After college, I taught fourth graders and fell in love with middle grade novels. Then I became a mother of twin boys who let me read aloud to them every single bedtime—even long after they had become independent readers. Reading the same books as my kids allowed us to have really interesting conversations. Middle school is generally the time when chatty kids (especially boys) go quiet and don’t want to share anything with their moms! So the books gave us something in common while they were hitting their social and emotional milestones.
I remember finishing another novel with them one night and saying, “I want to write a book!” They encouraged me to do so. They read many versions of my first attempts at a novel. Thankfully, I now have a critique group who gets to read those sloppy first drafts. Reading books in the genre I wanted to write was really important. I learned style and pacing, how to do dialogue, and pinpoint character arcs. I also joined SCBWI (Society of Children’s Book Writers and Illustrators) and attended regional conferences where I learned how to write for kids. There are certain rules an author must follow when writing picture books, middle grade, and young adult. The important thing to remember is that writing takes practice! Lots of practice.
What I love most about writing middle grade books (for ages 8-12) is that the characters are going through BIG life stuff but are still completely dependent on their parents. Kids at this age (both as characters in books and in real life) are becoming more aware of what’s happening in the world and how it affects them. Their critical thinking skills develop. There are social and emotional milestones. All of this makes for great writing material!
MCA: What was your inspiration for writing AT THE EDGE OF THE ICE for this age group?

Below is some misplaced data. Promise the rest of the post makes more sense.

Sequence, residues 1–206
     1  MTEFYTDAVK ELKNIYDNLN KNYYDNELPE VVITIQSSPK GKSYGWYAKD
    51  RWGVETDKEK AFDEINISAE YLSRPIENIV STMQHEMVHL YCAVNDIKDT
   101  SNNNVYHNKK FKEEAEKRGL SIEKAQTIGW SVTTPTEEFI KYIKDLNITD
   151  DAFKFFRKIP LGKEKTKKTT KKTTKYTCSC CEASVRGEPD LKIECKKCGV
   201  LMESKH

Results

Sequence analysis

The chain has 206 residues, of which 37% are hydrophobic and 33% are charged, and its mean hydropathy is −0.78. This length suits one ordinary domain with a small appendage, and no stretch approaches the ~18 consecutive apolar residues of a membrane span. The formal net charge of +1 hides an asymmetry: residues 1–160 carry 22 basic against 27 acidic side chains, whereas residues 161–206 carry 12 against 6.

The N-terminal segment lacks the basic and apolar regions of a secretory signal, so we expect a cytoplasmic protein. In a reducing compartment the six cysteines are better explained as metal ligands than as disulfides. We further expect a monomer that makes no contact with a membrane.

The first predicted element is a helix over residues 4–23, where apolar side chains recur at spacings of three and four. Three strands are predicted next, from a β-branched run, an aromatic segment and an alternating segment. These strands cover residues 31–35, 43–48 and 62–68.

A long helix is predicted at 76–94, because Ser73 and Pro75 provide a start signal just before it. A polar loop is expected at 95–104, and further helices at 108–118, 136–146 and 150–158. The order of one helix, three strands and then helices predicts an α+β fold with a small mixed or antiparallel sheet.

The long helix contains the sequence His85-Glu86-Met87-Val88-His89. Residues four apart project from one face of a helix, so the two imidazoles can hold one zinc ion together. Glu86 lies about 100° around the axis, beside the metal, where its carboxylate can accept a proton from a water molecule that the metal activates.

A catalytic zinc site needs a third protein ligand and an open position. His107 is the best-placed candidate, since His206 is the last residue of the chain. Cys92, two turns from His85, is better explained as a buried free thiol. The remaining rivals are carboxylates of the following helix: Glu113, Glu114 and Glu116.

Climate change can be confusing. There’s so much to know! I’m an adult, and if I’m confused, I can only imagine how kids must feel. I created this book series (AT THE EDGE OF THE ICE is Book 1) to explain the many different facets of climate change. Each book tackles one climate issue and highlights animal habitats in peril. This novel focuses on global warming in the Arctic. I don’t water down these complicated issues, but I also don’t want my readers to feel overwhelmed and hopeless. So, I sprinkle in some humor to lighten the mood. And who doesn’t love talking animals?
MCA: Climate change is such an important topic — what are the key lessons found in the book?
First: What happens in the Arctic doesn’t stay in the Arctic. Global warming affects the entire planet.
Second: Kids are capable of doing amazing things.
MCA: If you could ensure readers of your book walk away with one main lesson, what would it be?
Little actions can get big results.
Imagine yourself dining at a restaurant. You say no thanks to the waiter—you don’t want a drinking straw in your soda. It’s not just the one time you refuse the straw. It’s every single time. Your family and friends join in your activism and also stop using a drinking straw, except for the few who actually need it to drink liquids. Those friends tell other friends who tell other friends. Your ban against single-use plastic drinking straws eventually goes viral on social media. Millions of people do the exact same thing: use their voices to make change.